- BD-50 Dual-Layer Disc
- Locked -- Region A
- English DTS-HD Lossless Master Audio 7.1 Surround
- English SDH
- Spanish Subtitles
- Audio Commentaries
- Text Essays
- Production Gallery
- Theatrical Trailer
Exclusive HD Content
- Fact Track
Best Sellers and Deals
Dark City (Blu-ray)
New Line Home Entertainment / 1998 / 111 Minutes / Unrated
Street Date: July 29, 2008
- Offer Details
- List Price: $14.97
- Amazon Price: $7.99 (47%)
- 3rd Party Price: $6.25
- Usually ships in 24 hours
Reviewed by High-Def Digest Staff
Wednesday, July 30, 2008
Even though the Wachowski Brothers have continually acknowledged the various films that influenced their sci-fi masterpiece, ‘The Matrix,’ audiences and critics give the film a bit more credit than it deserves. A year before ‘The Matrix’ descended on theaters, director Alex Proyas’ dystopian noir, ‘Dark City,’ offered genre fans a nightmarish vision of an imprisoned populace, a deceptive group of reality-altering captors, and a hero who develops the power and understanding to break through the illusion of his world and fight to free his people.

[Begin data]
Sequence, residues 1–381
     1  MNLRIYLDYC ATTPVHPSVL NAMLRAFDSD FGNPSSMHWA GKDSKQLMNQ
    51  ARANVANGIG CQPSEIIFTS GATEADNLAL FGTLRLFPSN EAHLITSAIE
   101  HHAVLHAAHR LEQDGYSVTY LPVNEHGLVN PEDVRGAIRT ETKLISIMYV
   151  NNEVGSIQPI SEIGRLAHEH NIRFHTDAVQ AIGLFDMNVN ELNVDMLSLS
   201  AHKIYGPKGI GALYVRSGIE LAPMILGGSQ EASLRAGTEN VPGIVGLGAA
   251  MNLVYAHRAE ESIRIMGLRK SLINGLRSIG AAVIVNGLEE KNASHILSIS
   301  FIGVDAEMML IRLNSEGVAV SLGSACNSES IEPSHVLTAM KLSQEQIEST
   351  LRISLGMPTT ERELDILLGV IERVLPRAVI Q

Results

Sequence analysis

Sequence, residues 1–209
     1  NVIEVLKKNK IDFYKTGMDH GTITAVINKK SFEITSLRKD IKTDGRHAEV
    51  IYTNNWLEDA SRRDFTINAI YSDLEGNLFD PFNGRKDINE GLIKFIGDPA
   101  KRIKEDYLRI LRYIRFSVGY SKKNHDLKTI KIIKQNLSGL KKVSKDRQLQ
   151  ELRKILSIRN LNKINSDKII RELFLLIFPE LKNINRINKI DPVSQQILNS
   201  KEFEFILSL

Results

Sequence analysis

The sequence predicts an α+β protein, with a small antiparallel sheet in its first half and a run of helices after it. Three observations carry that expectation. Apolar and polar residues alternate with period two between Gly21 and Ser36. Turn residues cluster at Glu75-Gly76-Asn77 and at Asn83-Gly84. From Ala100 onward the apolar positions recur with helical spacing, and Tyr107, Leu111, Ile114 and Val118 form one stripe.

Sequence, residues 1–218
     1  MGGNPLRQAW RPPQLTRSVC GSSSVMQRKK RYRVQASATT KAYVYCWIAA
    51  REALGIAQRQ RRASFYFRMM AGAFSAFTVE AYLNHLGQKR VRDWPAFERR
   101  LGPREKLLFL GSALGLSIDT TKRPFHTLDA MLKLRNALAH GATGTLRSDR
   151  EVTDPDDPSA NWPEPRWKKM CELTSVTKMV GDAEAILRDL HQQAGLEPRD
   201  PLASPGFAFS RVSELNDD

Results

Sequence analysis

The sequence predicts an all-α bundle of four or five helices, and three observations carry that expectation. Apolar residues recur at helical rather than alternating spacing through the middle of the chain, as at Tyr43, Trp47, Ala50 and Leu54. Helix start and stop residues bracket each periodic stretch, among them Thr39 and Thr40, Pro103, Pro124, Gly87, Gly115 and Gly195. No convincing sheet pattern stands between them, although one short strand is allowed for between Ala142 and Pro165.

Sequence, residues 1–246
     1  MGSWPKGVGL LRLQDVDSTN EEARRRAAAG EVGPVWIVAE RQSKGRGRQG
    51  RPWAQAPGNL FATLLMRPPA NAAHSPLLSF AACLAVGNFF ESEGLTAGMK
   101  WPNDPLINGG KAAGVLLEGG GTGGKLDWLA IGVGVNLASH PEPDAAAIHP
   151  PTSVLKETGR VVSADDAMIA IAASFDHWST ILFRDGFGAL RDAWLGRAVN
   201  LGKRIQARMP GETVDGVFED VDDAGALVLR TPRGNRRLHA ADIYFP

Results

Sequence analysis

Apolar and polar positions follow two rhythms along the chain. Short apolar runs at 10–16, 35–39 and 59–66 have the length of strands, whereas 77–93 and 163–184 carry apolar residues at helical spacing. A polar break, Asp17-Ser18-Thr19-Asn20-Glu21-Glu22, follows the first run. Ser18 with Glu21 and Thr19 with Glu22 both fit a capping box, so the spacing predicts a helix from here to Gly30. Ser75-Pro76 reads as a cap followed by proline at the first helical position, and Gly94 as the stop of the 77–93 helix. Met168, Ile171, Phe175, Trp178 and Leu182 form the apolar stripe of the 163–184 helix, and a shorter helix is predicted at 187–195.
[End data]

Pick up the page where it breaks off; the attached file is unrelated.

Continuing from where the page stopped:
When a disoriented amnesiac (Rufus Sewell) wakes up in a disheveled hotel room, the only clues he has to his identity are a suitcase, a goldfish, a broken syringe, and a murdered prostitute. As he struggles to remember his name and the demise of his guest, he gets a phone call warning him that a group of dangerous men are coming for him. After escaping the building and a trio of menacing humanoid creatures, the man deduces his name is John Murdoch, discovers he has an adulterous wife named Emma (Jennifer Connelly), and learns he had been visiting an eccentric doctor named Daniel Schreber (Keifer Sutherland) before he lost his memory. As he begins to uncover the truth of his existence, the identity of the eerie strangers, and the purpose of the city itself, Murdoch must face the possibility that everything he’s ever known is a lie. With the reluctant help of a homicide detective named Frank Bumstead (William Hurt), Murdoch works to prove he isn’t a killer and that the world isn’t what it seems.